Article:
By Michael Goldstein
By Dennis Romero
By Sarah Fenske
By Matthew Mullins
By Patrick Range McDonald
By LA Weekly
By Dennis Romero
By Simone Wilson
Illustration by Peter Bennett
An audience is like a broad. If you're indifferent, Endsville.
AS FAR BACK AS I CAN REMEMBER THE NATIONHAS been the journalistic lodestar of the American left. Now, in its 137th year, the magazine is on a commercial roll. Its subscriptions have risen steadily in the wake of the World Trade Center attacks. Its finances may actually break even (a miracle in the world of political magazines). And its publishing adjunct, Nation Books, is raking in money from two hot titles: Gore Vidal's Perpetual War for Perpetual Peace and Forbidden Truth by Jean-Charles Brisard and Guillaume Dasquié. Indeed, everything's going so well that I feel kind of churlish in pointing out what most on the left are unwilling to say: The Nation is a profoundly dreary magazine.
Just compare it to another thin, ideologically driven rag, The Weekly Standard, a right-wing publication currently approaching its measly seventh anniversary. A few months ago, I began putting new issues of each side by side on an end table and, to my surprise, discovered that while unread copies of The Nation invariably rose in guilt-inducing stacks, I always read The Weekly Standard right away. Why? Because seen purely as a magazine, The Standard is incomparably more alluring. As gray and unappetizing as homework, The Nation makes you approach it in the same spirit that Democrats might vote for Gray Davis -- where else can you go? In contrast, The Standard woos you by saying, "We're having big fun over here on the right."
And in some undeniable sense that's true. Back in the '60s, the left was the home of humor, iconoclasm, pleasure. But over the last two decades, the joy has gone out of the left -- it now feels hedged in by shibboleths and defeatism -- while the right has been having a gas, be it Lee Atwater grooving to the blues, Rush Limbaugh chortling about Feminazis or grimly gleeful Ann Coulter serving up bile as if it were chocolate mousse, even dubbing Katie Couric "the affable Eva Braun of morning television." (Get your political allegiances straight, babe. Katie's the Madame Mao of morning television. You'reEva Braun.)
These same high spirits course through The Standard, whose editor William Kristol constantly shows up on TV grinning like a catfish. His magazine features catchy covers, a reader-friendly layout, breezy headlines (a hit piece on Lula was called "Brazil's Nut") and a core of enjoyable writers, notably David Brooks, Christopher Caldwell (whose article on Islam in France is one of the best things I've read this year) and David Tell, probably the country's most compelling editorialist. Although driven by a devout ideological agenda -- it's for unfettered free trade and war on Iraq -- Kristol and executive editor Fred Barnes know how to mix things up, running a parody page (often mirthless, to be sure), funny articles by the likes of P.J. O'Rourke (who reminds us that reactionaries make better humorists than liberals) and sharp, short items designed to keep readers amused on that long march to Baghdad. Snappy and pointed, it's designed to compete in a world that has many magazines.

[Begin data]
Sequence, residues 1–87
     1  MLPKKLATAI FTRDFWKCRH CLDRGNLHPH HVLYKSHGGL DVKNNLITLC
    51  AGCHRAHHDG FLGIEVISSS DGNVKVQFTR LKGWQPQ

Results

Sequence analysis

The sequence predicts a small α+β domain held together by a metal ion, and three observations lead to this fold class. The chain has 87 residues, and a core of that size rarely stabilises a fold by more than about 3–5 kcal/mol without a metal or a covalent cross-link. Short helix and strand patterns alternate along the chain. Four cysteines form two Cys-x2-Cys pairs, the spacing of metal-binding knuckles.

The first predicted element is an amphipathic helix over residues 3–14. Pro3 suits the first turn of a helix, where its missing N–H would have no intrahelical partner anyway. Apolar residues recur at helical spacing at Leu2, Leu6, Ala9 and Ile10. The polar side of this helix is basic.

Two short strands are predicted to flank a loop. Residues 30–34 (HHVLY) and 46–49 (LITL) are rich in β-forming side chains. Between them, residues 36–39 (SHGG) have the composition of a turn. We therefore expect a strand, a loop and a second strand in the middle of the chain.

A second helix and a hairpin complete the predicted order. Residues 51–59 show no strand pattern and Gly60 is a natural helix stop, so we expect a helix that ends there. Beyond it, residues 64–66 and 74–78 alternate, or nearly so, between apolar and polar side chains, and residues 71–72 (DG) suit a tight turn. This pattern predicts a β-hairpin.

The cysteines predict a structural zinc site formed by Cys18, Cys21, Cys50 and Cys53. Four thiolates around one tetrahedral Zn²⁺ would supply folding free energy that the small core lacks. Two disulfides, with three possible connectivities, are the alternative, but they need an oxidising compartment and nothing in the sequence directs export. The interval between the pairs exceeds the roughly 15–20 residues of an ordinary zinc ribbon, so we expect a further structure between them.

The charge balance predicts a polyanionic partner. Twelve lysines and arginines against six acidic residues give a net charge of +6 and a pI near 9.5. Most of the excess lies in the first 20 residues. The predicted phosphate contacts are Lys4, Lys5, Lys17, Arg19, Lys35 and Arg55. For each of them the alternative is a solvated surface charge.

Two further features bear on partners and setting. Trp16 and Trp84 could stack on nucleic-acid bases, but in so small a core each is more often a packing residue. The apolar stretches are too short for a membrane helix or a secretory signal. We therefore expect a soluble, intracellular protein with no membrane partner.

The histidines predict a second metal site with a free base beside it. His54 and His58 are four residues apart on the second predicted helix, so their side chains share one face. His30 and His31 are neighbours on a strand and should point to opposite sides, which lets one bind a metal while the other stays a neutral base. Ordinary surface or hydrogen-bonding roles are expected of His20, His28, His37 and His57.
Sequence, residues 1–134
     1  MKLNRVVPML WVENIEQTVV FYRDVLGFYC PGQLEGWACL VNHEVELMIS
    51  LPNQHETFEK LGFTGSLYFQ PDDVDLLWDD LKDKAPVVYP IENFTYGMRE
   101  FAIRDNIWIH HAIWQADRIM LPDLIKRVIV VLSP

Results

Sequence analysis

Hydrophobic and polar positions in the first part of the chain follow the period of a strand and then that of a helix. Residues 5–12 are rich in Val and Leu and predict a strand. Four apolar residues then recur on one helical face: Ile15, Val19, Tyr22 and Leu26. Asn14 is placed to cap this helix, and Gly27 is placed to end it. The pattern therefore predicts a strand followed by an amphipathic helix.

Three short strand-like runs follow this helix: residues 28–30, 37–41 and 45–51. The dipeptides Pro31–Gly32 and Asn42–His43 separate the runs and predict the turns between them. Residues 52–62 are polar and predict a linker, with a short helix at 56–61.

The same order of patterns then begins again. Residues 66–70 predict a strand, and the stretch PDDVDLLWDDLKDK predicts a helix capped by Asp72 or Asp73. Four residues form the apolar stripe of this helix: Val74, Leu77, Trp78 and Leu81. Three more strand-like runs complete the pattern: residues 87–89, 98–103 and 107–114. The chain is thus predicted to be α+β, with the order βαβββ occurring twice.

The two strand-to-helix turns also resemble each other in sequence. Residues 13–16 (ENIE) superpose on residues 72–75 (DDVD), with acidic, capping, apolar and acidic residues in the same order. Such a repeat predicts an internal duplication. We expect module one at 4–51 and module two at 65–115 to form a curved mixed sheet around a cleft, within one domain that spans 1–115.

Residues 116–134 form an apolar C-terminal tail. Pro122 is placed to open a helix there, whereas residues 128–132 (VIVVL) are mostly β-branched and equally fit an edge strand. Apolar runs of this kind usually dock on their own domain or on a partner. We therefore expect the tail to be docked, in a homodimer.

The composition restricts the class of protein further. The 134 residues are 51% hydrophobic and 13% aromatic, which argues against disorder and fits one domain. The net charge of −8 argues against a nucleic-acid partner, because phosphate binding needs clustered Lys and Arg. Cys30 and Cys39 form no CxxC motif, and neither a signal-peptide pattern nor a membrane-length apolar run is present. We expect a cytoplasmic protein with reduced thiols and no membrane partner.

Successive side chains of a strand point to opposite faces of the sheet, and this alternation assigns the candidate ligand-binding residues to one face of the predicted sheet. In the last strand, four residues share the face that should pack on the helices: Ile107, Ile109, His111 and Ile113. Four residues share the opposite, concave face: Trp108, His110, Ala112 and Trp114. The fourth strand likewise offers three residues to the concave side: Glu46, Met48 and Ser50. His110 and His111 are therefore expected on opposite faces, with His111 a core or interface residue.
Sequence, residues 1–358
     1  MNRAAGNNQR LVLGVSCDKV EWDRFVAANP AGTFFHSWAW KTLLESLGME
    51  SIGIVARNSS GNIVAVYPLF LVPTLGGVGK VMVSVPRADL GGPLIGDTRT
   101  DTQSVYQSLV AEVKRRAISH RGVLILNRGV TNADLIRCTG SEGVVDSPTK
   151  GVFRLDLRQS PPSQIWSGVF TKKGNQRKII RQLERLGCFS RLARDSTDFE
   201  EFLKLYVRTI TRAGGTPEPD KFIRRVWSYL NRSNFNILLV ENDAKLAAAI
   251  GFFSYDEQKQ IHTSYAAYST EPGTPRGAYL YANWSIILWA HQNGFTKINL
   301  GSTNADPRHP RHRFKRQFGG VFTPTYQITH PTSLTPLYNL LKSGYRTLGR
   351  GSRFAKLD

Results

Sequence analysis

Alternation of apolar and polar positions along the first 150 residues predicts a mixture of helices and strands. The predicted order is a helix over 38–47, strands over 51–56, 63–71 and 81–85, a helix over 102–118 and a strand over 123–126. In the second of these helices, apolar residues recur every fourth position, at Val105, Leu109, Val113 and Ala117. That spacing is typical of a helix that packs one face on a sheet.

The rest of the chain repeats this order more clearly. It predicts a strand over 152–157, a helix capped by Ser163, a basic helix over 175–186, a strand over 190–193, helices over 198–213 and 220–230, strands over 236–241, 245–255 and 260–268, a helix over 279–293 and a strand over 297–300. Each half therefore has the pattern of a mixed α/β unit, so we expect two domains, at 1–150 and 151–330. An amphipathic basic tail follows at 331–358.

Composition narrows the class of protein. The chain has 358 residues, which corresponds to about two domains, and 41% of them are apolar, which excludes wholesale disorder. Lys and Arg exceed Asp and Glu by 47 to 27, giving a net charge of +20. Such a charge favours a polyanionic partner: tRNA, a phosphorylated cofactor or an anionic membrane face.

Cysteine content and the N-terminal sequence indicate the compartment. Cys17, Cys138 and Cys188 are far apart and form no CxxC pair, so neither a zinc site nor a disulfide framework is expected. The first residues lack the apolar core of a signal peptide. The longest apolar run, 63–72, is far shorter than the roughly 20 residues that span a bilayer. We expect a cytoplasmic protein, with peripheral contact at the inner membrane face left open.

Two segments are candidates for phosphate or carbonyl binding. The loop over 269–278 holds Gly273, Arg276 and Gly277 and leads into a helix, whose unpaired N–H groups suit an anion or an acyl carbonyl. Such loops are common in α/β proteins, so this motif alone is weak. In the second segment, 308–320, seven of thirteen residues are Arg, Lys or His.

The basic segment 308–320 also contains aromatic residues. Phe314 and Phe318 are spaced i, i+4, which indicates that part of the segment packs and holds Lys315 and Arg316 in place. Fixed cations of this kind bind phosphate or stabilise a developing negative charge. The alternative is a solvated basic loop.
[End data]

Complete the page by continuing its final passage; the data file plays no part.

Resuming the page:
NOT SO THE NATION, WHICH PRESENTS ITSELF AS less a treat than an obligation. In his new book, critic Hal Foster attacks the contemporary obsession with design, claiming "design abets a near-perfect circuit of production and consumption, without much running room for anything else." The same scolding puritanism is obviously at work in The Nation, whose visual presentation is mired in the same mentality that kept documentaries slathering folk music on their soundtracks decades after Dylan went electric -- as if being clueless were a badge of integrity.
Even as the Canadian magazine Adbusters attacks corporate culture by taking marketing techniques and cleverly standing them on their heads, The Nation specializes in anti-corporate anhedonia. From its drab covers to its pages choking with print (it makes The New Yorker look like In Style), the whole thing feels deliberately unsexy. Jokes are usually limited to Calvin Trillin's doggerel, headlines are warnings, not enticements -- the current issue boasts such tantalizing gems as "Stirrings in Kabul" and "Fight-Back in Bolivia" -- and too much of the writing is muffled by low-word-rate padding and fear of offending the magazine's many constituencies. Reading the average Nation editorial is like trying to gobble a box of dry muesli.
Of course, The Nation famously has some memorable writers -- including Christopher Hitchens, John Leonard, Cockburn the Dread and occasional contributor Ellen Willis (where is she, by the way?) -- who could form the core of a lively political magazine. But they're surrounded by broken-record Jonathan Schell (yep, he's still for nuclear disarmament), freshly minted columnist Jim Hightower, whose Lone Star folksiness has worn thin as a roadkill rattler on the Waco highway, and law professor Patricia J. Williams, who writes with such transcendent dullness that she seems destined for a regular gig on the op-ed pages of the L.A. Times.
The Standard's editors grasp that most of America now talks about politics in the guise of culture -- which is why David Brooks turns out wry pieces of pop sociology about such conservative archetypes as "Patio Man" from the outer-ring suburbs. In comparison, The Nation's editors have no pop instincts at all; they run endless earnest policy pieces and book reviews with no drama or verve.
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